High-stakes brinksmanship on display in struggle for control
By Todd Northrop
HARRISBURG, Pa. — The Corbett administration's embattled deal with a British firm to run the Pennsylvania Lottery will remain alive — at least for another three weeks.
Administration officials announced Friday that Camelot Global Services has agreed to keep its bid valid through March 18th. The bid by Camelot Global Services would have expired at noon today.
The extension was necessary because state Attorney General Kathleen Kane, whose office reviews all state contracts, last week ruled that the lottery deal violates the state constitution.
Among other things, Ms. Kane said that the contract with Camelot, which runs the United Kingdom's national lottery, usurps the authority of the legislature to regulate and manage the Pennsylvania's lottery.
Mr. Corbett has said he strongly disagrees and is considering how to proceed. The attorney general's determination can be appealed to the courts.
The bid is now valid past the March 16 deadline for the state to appeal the contract denial.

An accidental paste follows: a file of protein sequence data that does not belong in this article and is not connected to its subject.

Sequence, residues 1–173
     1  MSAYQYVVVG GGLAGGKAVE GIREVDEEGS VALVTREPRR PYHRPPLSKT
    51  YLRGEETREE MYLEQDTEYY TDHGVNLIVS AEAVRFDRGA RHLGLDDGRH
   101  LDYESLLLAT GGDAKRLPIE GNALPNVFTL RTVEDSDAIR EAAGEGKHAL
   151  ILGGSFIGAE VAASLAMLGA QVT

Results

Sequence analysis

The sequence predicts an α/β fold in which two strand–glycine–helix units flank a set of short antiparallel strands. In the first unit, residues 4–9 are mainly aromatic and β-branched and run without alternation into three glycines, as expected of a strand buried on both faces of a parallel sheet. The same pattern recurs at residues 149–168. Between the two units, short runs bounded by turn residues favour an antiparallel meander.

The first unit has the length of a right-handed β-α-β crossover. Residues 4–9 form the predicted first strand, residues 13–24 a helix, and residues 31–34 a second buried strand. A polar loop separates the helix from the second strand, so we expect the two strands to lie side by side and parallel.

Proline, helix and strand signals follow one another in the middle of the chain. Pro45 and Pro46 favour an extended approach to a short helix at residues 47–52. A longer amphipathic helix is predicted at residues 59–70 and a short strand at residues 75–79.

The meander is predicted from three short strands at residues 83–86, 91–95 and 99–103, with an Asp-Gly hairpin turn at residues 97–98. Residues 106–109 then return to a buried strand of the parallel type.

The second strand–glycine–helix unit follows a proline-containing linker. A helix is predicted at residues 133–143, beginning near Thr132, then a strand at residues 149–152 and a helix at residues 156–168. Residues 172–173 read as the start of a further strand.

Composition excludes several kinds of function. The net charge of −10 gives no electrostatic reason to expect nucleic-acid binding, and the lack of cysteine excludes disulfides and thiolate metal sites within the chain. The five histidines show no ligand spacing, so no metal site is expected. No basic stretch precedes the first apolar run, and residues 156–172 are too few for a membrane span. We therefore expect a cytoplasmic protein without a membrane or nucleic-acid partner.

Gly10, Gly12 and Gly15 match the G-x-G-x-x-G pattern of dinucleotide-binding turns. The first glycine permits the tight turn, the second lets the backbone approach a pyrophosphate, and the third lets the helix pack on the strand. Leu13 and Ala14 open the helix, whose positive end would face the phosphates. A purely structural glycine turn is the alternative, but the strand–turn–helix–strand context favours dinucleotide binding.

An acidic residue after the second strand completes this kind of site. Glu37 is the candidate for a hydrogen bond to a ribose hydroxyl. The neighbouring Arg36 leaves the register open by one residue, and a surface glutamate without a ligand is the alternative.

"This extension allows both parties to continue considering strategic next steps in an effort to secure and maximize long-term lottery funding for seniors programs," Elizabeth Brassell, spokeswoman for the Department of Revenue, said in a statement.
She said more information is expected to be available mid-March.
This is the second bid extension since Ms. Kane's ruling, which struck a near-fatal blow to months of efforts by the Republican governor to seal the lottery deal.
The most recent extension will give Mr. Corbett a few more weeks to decide whether he will challenge Ms. Kane's ruling in court.
The stakes are high. The Pennsylvania Lottery in the last fiscal year recorded more than $3.5 billion in sales and sent more than $1 billion in profit to programs that help the elderly.
The administration says rapid growth of the state's senior population necessitates exploring ways to boost that profit.
Camelot committed to generating $34 billion in lottery profits over 20 years, in part by introducing online ticket sales and keno. Proceeds from the lottery pay for programs for seniors such as property-tax rebates and discounts on prescription drugs, and Mr. Corbett says the profit commitments would allow the state to support the increasing population of seniors.
Even if Mr. Corbett manages to get the deal back on track, another challenge awaits in court — from Democratic legislators and the union that represents lottery employees.